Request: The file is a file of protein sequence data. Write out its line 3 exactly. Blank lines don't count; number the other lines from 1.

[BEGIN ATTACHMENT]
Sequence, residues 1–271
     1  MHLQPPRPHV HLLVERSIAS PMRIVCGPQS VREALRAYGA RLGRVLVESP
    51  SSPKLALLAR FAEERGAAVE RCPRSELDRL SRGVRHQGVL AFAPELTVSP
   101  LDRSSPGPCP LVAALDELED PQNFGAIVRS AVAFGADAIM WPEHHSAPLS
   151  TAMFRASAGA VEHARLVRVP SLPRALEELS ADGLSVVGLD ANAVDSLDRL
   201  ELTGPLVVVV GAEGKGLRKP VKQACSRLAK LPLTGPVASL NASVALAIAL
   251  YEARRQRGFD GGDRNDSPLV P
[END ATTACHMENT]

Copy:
    51  SSPKLALLAR FAEERGAAVE RCPRSELDRL SRGVRHQGVL AFAPELTVSP